I just finished reading Anna Karenina by Leo Tolstoy. The novel becomes dramatic within the first few pages, though it takes 100 or so more before it arrives at the central drama of the book.
He includes so many details of the moral life and illustrates them well: habits, virtues and vices; passions, joy, sorrow, anger; jealousy, bitterness, regret; emotions quick and enduring, reasonable and ungrounded; friendships and family relations; men and women, children and parents; the effects of work and of play; faith and doubt, divine and human faith, superstition, ritual; the importance of place, home; thought, intellectual ambition, intellectual despair; contradiction among persons, contradiction within oneself, contradiction with society; death and birth; money, luxury, necessity; the tension between physical beauty and moral goodness.
But when I finished the book, I was disappointed by how it ended. It seems it could have ended the same way much sooner, and it wouldn’t have made a great difference. (I would contrast this with Middlemarch by George Eliot, where I don’t think the novel could have ended anywhere else than where it actually ended.) I could say more about his approach to religion, which I found quite true to reality at the beginning, but a bit superficial and moralizing by the end. Beyond anything, Tolstoy excels at showing the effects of sin, both internally and externally, and in the effect it has on others. Perhaps I did not like the later parts of the book because he does this too well.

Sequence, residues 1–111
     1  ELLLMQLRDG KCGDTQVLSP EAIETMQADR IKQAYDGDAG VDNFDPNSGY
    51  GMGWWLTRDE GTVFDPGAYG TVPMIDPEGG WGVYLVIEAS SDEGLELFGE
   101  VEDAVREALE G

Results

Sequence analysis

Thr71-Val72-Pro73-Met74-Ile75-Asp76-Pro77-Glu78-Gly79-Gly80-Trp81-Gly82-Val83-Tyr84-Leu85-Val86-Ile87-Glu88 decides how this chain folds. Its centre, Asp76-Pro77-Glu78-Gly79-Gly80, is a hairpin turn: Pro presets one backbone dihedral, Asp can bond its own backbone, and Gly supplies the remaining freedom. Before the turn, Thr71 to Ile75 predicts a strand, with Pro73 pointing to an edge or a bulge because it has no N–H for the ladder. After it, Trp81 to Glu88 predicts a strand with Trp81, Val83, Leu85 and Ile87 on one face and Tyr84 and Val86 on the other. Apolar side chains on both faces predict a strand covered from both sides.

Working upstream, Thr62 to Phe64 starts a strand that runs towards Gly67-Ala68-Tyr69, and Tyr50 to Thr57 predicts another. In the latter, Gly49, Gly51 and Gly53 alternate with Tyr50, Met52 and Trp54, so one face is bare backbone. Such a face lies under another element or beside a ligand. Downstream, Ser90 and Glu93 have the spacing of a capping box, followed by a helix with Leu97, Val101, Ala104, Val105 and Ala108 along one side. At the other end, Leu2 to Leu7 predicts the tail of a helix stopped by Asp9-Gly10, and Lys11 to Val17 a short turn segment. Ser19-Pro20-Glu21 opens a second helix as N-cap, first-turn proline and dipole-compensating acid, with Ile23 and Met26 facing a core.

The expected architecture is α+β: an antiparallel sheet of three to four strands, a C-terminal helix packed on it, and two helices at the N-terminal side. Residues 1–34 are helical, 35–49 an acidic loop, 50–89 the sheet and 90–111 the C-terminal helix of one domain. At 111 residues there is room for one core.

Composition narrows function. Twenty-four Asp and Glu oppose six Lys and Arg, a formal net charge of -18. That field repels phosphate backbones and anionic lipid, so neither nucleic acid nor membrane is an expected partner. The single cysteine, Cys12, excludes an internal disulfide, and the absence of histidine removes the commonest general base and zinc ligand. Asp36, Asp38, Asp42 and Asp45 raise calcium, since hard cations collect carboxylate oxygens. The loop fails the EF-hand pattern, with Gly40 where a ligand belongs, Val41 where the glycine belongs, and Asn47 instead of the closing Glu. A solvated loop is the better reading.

[This book is #9 on my Classics List.]
Another reading blog announced a book club for The Trial by Franz Kafka, and since this book was on my list (and not too long), I decided to pick it up.
Put briefly, I did not like the book. The character were unrealistic and uninteresting, the main character especially did not invite any sympathy whatsoever, and the story does not seem to have any direction worth mentioning. This was my first time reading Kafka in 8 years, having previously read “A Hunger Artist” and “The Metamorphosis”. It might have been my age when reading them, but I remember liking them more, if only because they seemed more true to reality. “A Hunger Artist” displayed the foolishness of priding oneself on some external characteristic or skill—something which may dazzle others one moment, but is just as easily forgotten the next. The “Metamorphosis” uses a mythical plot device to explore awkwardness of a difficult living situation. Both of these stories had a fable-like quality that made them enjoyable, despite their otherwise unpleasant themes. This quality is almost entirely absent in the The Trial. Continue reading